Interview and Article by Meghan Gill
Are you struggling to give up sugar? Do you stick to a diet plan for a week then find yourself spoon deep in Haagen Dazs? You’re not alone.
Sugar is a hard habit to kick. Let’s delve into this sweet dilemma and learn nutritionist approved tools for a sugar free lifestyle.
But first, why give up sugar at all? Jenny Champion, founder of Paleo Barbie and a board-certified nutritionist explained, “sugar gives you a mental fog and it keeps you on sugar highs and lows, which can trigger anxiety and depression.” She’s worked with thousands of clients tackling sugar addiction and binge eating disorder, and she’s seen their results firsthand.
After giving up sugar, people have control over what they eat. They also experience mental clarity, more self-confidence, energy and even better sex lives. It’s common to get off antidepressants. There are a host of other health benefits including weight loss, clear skin, reduced inflammation and a lower risk of diabetes, heart attack and stroke. Convinced yet?
If you’re like most Americans, eliminating sugar calls for a lifestyle upgrade. In fact, according to the New Hampshire Department of Health and Human Services, the average American consumes 3 pounds or 6 cups of sugar a week. Most of that sugar comes from soft drinks, but also plenty of added sugar.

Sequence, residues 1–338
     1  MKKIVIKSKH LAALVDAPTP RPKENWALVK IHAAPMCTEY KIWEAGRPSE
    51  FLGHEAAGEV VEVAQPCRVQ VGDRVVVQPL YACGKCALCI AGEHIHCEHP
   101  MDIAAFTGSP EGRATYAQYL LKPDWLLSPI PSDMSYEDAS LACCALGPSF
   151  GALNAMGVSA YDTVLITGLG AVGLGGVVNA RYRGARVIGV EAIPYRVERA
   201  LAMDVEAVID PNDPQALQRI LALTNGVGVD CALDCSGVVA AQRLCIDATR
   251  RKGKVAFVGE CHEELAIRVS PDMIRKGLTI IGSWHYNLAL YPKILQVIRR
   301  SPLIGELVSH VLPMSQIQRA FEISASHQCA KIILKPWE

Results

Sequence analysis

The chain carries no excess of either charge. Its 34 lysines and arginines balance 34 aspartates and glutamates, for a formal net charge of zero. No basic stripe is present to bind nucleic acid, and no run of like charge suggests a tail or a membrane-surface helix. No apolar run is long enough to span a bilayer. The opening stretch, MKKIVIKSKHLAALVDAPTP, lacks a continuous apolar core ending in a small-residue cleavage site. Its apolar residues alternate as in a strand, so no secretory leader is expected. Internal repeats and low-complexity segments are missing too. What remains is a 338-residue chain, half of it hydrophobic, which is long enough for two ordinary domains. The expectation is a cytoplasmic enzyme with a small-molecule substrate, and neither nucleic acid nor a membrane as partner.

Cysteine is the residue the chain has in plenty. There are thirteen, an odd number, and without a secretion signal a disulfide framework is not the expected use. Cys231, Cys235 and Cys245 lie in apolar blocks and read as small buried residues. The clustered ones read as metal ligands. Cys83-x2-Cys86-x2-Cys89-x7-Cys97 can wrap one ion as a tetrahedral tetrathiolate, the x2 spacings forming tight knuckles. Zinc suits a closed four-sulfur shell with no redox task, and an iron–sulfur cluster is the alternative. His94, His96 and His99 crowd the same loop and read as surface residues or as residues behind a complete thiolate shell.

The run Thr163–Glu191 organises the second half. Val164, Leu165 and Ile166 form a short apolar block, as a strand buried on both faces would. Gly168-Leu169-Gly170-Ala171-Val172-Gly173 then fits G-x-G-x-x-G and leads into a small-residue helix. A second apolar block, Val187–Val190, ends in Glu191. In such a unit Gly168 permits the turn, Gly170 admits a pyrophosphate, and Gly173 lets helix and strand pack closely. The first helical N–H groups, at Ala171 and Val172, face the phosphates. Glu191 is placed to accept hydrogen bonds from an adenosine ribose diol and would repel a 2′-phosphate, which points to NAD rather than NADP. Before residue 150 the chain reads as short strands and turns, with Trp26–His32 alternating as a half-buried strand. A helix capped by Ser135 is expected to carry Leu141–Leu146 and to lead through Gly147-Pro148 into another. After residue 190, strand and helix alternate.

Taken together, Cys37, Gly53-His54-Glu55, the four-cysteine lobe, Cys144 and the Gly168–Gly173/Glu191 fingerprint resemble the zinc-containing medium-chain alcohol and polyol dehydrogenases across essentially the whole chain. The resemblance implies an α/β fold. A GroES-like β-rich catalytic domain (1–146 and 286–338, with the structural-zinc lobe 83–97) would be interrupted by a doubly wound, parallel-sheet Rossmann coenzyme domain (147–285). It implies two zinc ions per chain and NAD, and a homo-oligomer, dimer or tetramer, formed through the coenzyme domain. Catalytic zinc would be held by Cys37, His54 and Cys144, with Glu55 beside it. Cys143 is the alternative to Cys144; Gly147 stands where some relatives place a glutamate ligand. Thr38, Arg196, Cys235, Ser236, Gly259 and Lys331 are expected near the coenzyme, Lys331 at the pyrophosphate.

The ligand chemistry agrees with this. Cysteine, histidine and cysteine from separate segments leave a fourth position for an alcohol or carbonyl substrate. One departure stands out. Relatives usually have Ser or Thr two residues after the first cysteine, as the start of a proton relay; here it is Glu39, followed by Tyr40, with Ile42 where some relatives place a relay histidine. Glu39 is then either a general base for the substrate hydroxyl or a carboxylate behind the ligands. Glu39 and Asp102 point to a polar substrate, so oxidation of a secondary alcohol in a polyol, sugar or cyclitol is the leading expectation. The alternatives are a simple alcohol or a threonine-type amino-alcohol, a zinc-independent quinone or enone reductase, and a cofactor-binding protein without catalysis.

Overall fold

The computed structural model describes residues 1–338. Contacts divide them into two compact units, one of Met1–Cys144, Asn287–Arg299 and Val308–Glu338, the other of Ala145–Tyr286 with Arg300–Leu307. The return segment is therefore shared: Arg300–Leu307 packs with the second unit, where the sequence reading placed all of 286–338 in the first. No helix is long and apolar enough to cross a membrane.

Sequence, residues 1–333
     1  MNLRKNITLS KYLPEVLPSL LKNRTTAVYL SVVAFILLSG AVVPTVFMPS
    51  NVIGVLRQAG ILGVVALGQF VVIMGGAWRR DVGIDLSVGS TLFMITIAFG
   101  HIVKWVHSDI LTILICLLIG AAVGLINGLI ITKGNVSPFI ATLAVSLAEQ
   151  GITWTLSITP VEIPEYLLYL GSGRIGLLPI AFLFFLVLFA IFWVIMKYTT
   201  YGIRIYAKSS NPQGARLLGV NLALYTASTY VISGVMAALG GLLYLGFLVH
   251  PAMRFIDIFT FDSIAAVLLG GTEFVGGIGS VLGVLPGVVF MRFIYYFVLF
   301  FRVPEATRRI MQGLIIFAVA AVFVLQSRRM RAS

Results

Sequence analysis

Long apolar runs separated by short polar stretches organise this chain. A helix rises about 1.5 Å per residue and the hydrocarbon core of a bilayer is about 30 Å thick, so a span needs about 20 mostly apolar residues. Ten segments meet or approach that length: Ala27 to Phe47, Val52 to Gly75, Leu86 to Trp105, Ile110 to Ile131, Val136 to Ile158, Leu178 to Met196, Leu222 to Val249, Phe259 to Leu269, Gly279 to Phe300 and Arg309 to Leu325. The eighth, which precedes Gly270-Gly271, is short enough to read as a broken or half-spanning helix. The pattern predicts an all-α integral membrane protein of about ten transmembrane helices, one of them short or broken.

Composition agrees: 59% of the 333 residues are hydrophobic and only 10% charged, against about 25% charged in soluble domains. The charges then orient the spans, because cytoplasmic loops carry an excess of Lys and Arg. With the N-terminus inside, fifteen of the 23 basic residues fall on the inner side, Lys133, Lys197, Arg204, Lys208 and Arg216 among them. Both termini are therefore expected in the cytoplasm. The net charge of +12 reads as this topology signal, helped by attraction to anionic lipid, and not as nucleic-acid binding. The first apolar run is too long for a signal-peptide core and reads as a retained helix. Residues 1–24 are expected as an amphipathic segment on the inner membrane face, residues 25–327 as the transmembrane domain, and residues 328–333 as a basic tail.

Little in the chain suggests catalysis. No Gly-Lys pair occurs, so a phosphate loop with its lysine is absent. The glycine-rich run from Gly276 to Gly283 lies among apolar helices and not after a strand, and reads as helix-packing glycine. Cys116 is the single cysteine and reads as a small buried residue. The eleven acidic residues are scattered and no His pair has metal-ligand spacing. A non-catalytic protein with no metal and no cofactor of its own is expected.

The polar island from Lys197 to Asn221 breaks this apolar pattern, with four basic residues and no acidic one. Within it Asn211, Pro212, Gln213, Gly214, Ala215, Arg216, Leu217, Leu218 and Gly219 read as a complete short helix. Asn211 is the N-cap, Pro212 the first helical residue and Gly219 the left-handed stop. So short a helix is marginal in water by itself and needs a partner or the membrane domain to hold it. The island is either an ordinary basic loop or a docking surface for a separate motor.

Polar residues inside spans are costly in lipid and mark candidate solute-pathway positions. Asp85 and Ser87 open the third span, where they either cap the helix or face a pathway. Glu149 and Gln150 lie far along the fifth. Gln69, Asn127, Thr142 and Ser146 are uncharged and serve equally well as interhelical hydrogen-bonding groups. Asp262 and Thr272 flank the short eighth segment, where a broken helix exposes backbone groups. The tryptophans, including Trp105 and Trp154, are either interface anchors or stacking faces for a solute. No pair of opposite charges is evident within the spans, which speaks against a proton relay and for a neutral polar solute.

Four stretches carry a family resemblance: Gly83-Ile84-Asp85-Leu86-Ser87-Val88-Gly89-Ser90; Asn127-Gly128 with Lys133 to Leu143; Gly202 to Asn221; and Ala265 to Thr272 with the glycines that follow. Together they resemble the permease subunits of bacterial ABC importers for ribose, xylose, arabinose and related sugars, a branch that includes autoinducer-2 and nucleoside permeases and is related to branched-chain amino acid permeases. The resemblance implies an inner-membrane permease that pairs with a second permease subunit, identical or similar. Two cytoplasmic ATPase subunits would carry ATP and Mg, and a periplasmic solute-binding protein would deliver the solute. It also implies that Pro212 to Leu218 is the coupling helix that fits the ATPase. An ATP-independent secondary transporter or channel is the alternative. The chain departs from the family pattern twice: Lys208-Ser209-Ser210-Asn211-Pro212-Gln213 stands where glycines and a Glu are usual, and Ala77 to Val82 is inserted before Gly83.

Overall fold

The CDC defines added sugar as “sugars and syrups that are added to foods or beverages when they are processed or prepared.” Sugar is the most popular ingredient in processed food and can be found in ketchup, cereals, deli meat, rotisserie chickens, peanut butter, soup and salad dressings.
You can get rid of added sugar and stop cravings. It takes a few days before you start to taste the natural sugars in fruit, almonds, vegetables, milk and yogurt.
Nutritionist Jenny Champion’s tips for kicking the sugar habit:
- Cut out sugary drinks first – no juice and no sports drinks.
- Buy minimally processed food – that means buying food without a package, such as produce
- Stay away from artificial sweeteners – think of it this way, which is worse: sugar or chemicals? Both are terrible
- Eat until you’re full
- Save calorie counting for later – for now, gorge yourself on protein, vegetables, avocados, nuts and seeds
Gorging on protein and vegetables may seem like a strange choice, but Jenny explains, “You’ll go overboard on the wrong things if you don’t fill up on the right things.” After you’ve quit sugar, you can look at portion size and calories.